Climate researchers from around the world have created “a comprehensive reanalysis of all global weather events from 1871 to the present day, and from the earth’s surface to the jet stream level.” The project required over 80 million processing hours using super computers. The 20th Century Reanalysis Project will provide climate scientists with a longer timespan to study, improving climate models for future predictions.
According to the outline of the 20th Century Reanalysis Project (the Project) found in the Quarterly Journal of the Royal Meteorological Society, the project consisted of 27 international scientists and support from over 36 research institutions. The Project builds on prior works like the U.S. Historical Weather Map Series produced by the U.S. Weather Bureau.
The information for the project was collected from a variety of sources.
“Producing this huge dataset required an international effort to collate historical observations and recordings from sources as diverse as 19th century sea captains, turn of the century explorers and medical doctors, all pieced together using some of the world’s most powerful supercomputers at the US Department Energy’s National Energy Research Scientific Computing Center in California and the Oak Ridge Leadership Computing Facility in Tennessee,” said lead author Dr Gil Compo.
“The resulting weather maps, called reanalyses, provide a much longer record of past weather variability than is currently available to compare present and projected weather variability in a warming climate. They also provide a valuable insight into extreme weather and climate events that were historically important, such as the 1930’s Dust Bowl.”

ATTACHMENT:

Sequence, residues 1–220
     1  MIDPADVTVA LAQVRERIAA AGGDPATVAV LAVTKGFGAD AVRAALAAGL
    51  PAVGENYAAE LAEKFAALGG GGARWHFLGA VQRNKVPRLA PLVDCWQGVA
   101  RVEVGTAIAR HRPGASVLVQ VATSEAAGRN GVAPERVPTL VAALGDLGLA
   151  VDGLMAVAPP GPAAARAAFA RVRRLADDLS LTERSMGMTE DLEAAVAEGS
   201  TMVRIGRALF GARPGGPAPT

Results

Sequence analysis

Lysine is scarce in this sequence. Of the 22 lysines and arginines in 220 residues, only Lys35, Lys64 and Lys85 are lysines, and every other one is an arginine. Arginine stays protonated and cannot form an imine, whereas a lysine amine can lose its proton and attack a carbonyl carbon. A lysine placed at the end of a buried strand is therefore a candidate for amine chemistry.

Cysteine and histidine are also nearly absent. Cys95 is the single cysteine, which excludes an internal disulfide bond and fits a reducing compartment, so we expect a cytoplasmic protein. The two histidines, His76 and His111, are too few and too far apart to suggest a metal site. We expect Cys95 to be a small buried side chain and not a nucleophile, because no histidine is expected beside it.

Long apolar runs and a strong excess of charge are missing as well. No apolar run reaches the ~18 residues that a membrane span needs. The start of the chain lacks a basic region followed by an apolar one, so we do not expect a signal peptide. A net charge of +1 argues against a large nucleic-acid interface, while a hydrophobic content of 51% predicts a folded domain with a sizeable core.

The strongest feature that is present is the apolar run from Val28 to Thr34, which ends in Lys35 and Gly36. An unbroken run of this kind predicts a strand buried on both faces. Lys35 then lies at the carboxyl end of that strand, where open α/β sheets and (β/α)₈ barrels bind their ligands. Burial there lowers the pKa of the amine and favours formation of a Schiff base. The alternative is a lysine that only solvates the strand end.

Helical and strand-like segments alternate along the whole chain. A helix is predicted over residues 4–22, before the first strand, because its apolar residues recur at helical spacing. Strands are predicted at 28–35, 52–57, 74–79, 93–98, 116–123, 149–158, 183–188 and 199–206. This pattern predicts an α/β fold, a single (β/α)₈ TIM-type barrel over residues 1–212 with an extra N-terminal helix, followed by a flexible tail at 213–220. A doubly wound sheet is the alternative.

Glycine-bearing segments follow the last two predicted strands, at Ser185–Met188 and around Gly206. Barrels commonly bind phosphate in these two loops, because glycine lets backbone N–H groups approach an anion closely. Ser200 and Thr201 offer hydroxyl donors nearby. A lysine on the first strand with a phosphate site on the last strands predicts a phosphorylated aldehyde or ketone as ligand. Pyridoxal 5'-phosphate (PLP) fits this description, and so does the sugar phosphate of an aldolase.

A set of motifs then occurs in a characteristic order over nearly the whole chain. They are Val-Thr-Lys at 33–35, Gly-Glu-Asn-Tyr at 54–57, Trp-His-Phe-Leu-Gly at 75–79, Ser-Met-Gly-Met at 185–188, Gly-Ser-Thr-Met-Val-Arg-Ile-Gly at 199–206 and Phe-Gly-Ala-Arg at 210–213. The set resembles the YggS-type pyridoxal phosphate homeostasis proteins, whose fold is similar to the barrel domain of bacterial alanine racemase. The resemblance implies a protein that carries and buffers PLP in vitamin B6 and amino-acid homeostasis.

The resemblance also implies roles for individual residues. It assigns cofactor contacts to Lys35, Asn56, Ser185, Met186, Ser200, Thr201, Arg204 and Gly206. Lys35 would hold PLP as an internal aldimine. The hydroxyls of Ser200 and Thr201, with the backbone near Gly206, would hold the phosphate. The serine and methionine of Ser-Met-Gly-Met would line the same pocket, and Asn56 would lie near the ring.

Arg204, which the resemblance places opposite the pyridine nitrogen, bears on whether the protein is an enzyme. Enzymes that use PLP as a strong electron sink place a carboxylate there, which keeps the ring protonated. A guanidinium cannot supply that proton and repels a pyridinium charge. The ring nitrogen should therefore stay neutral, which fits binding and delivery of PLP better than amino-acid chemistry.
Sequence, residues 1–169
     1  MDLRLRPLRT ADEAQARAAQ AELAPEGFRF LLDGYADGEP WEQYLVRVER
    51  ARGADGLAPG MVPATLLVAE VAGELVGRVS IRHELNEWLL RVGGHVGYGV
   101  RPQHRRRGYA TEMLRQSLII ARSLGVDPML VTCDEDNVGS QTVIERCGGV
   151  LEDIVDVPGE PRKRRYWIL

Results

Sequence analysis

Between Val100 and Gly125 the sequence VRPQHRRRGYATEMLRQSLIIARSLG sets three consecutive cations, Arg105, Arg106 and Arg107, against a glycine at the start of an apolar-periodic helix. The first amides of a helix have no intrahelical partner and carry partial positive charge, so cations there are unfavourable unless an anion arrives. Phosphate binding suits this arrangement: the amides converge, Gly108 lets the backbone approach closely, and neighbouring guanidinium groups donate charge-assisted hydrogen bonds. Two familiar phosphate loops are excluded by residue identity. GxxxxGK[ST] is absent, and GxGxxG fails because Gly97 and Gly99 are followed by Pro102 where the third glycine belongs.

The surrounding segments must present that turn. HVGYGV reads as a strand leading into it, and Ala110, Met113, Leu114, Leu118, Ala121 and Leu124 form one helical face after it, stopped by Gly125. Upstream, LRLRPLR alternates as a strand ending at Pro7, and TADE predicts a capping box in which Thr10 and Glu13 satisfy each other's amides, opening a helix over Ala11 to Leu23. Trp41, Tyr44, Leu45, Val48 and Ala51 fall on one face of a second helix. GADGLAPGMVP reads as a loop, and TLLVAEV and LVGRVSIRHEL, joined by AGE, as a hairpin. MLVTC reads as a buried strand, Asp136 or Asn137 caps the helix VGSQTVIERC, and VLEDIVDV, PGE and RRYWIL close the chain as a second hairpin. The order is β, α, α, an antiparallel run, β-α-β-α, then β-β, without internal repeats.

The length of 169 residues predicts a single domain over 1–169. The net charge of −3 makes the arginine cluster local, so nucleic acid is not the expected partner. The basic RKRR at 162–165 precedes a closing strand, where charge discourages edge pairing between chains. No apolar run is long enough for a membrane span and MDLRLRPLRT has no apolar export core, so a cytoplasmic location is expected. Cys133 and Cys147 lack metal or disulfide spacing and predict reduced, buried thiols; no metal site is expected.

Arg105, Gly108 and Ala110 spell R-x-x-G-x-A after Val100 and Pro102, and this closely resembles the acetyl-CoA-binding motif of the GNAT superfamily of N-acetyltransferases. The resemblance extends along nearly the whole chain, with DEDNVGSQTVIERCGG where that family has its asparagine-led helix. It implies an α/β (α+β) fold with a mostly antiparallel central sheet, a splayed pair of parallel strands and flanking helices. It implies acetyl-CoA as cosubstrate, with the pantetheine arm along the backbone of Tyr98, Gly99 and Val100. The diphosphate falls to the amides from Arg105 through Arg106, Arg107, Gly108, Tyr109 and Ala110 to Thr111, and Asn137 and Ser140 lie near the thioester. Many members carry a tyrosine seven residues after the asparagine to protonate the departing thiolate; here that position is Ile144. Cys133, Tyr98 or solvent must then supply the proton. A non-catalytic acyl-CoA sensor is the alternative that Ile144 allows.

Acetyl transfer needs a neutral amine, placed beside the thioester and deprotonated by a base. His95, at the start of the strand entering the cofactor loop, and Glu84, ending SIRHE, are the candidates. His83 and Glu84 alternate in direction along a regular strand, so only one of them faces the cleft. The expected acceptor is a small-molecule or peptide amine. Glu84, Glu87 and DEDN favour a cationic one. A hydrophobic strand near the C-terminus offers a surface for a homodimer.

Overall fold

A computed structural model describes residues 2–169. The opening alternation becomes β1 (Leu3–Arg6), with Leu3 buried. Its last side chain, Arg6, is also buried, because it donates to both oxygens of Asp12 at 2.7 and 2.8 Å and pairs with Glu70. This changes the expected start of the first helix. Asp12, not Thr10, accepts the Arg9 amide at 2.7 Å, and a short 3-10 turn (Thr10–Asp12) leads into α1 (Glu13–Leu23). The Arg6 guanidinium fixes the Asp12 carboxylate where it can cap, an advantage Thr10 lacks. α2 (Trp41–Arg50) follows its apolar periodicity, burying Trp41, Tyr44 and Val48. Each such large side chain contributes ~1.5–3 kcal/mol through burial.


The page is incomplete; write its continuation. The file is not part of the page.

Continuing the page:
The work of the Project scientists will allow climate scientists to determine patterns over a longer time span. Such issues as the number and severity of natural disasters can be compared with over a century’s worth of data to compare our present day climate changes with the past.
The compilation of all of the data was made possible by the Department of Energy (DOE) giving the Project grants of supercomputing time at different DOE scientific computing centers like National Energy Research Scientific Computing Center (NERSC) and the Oak Ridge Leadership Computing Facility.
"The 20th Century Reanalysis project is a great example of how dedicated supercomputing time and technical support can significantly advance research in an area that has significant impact on our lives," said NERSC Director Kathy Yelick. "In addition to furthering his own research, Gil Compo’s team has also made their data available to the wider climate research community, giving his work even greater reach.
The data may also settle one controversy. If the newly compiled data shows that what is being called global warming is actually a normal climate cycle, then climate deniers will be vindicated. However if the data shows that what we are experiencing is unprecedented and out of the ordinary, it would boost the most prevalent view of climate scientists today.
The above graphic is of the The Köeppen Climate Classification System by FAO-SDRN-Agrometeorology Group 1997